When Credo Beauty launched four years ago, ‘clean beauty’ was still in its infancy.

Today, consumers are demanding products be not only safe but sustainable. A recent example? The outrage of Glossier Play’s recent launch of glitter. Instagram users were furious that the glitter wasn’t sustainable and its plastics could wash away into our oceans. It’s one reason why brands like Tata Harper, Goop, Beautycounter, ILIA, among others, have become overnight sensations in recent year – beauty consumers are becoming savvy, responsible and active in what they choose to support.


Which is a reason why in only four years, Credo Beauty has become the Sephora for green beauty products. Created by the late Shashi Batri (who passed away in 2017 from cancer), an early hire at Sephora, the site launched with only a few dozen natural beauty brands. Today, the brand offers a robust product line up from makeup, skincare, body, and more. In its New Arrivals section: Corpus natural deodorant (which we’re obsessed with), BYBI Beauty, Innersense texturizing spray.

SEE ALSO: Beautycounter just launched its first clean beauty brand for men

The stores also offer a “Clean Swap,” a process where people can come in with their favorite beauty products and get similar product recommendations that are “safe” and “clean.” Meaning, you can come in with your La Mer moisturizer, and leave with one from Indie Lee.

Those who aren’t close to a Credo location can log onto its site and find just as much information that’s presented in a seamless manner. What’s probably the best feature of Credo.com is its Ingredients section, which users can scroll over and click to read more about. Each is hyperlinked and once users click, a quick definition pops up with brands that include that specific ingredient. It makes shopping easier and transparent, something that Annie Jackson, the brand’s co-founder, told me was being constantly updated. Currently, Credo indexes 62,000 ingredients and up to 7.5 synonyms each with over 450,000 compiled altogether.


Over the phone from San Francisco, Annie told me how she wanted Credo to be optimistic and mitigate fear when shopping for beauty. “The tricky part is how our customer shops,” she says to Very Good Light. “In the beginning, customers who had an inkling what we were about were like, ‘I want to avoid this and look for that.’ We want to educate and show that chemicals aren’t scary – water’s a chemical  – our perspective and shed a positive story [when it comes to clean beauty].”

The result is both The Credo Clean Standard, a manifesto where all brands carried must speak the same “clean beauty” language and the Dirty List of restricted, harmful substances. The latter spells out ingredients and why they are harmful, including the assurance that some animal byproducts, like beeswax, is obtained through ethical standards. While the former manifesto was just created recently, it’s already being strictly enforced. Each of the beauty partners sold at Credo, must meet The Credo Clean Standard by April of this year with an absolute deadline of October.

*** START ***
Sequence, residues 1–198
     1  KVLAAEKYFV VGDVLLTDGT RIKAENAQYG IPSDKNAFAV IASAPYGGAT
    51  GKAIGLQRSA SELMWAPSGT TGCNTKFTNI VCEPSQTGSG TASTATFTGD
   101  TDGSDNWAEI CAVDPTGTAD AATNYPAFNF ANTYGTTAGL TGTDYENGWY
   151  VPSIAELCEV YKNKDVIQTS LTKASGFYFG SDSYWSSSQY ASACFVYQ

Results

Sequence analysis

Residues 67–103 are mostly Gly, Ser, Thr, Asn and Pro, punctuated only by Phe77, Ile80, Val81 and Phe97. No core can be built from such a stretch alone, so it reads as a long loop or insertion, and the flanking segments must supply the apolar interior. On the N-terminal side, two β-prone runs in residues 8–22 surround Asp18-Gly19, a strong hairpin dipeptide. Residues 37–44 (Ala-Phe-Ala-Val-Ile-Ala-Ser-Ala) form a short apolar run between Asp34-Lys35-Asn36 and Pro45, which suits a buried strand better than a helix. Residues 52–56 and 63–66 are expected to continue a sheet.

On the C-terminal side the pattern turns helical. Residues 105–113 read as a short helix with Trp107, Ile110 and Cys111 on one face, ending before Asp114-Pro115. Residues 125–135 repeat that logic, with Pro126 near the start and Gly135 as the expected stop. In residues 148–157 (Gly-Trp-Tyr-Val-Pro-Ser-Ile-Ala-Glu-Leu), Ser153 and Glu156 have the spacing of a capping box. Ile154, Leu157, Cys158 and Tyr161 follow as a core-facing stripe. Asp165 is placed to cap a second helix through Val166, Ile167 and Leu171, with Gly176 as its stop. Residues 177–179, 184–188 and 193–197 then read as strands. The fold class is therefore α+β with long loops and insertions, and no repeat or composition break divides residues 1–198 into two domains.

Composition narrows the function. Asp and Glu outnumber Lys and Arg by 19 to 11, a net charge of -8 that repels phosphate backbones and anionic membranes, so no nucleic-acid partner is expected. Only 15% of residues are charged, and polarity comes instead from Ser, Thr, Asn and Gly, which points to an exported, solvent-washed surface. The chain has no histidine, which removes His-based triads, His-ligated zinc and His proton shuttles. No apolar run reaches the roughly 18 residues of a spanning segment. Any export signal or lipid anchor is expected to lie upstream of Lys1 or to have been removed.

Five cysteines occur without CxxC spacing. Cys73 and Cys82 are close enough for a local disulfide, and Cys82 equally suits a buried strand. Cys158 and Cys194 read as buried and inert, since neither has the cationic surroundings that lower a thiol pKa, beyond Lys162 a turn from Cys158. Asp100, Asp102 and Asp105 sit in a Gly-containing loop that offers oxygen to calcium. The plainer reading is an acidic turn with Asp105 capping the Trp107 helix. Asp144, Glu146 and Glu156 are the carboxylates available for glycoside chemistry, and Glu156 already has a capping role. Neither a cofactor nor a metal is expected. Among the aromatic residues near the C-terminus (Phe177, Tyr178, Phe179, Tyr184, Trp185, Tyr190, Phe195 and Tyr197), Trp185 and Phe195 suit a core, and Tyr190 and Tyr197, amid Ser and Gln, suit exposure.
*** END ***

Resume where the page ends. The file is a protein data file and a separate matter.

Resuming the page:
“Brand have 18 months to comply and all brands have to be onboard,” Annie explains. “What we’ve done is that every 6-8 weeks all brands have a call with us. And we work with them to ensure that they’re getting all of the information they need to make changes.”

The most important part of this entire process is that Annie wants to make brands responsible for what they do for the planet and for humans. And she’s hoping the industry at large, follows suit. “For brands, they’re waiting for retailers to align with these beliefs and a clean ethos to support and have a platform to sell,” she says. “They want an economy of scale and we’re in this middle road and they’re holding out. Credo isn’t big enough to get there – yet.”

Though Credo has traction, it’s only rolled out 8 stores (San Diego, San Francisco, Los Angeles, Boston, New York City, Brooklyn and Chicago). Though it plans to roll out with more brick and mortar stores in the future, it’s a slow, thoughtful process.

“We want to continue opening stores,” Annie says. “Our dream is to have hundreds of stores But we’re never going to open just to open it, we want customers to really need and want it.”

With so much demand forming with transparency in beauty – and consumers becoming a lot savvier – it seems like a Credo store could possibly come to a town near you, very soon.

For more, head over to Credobeauty.com

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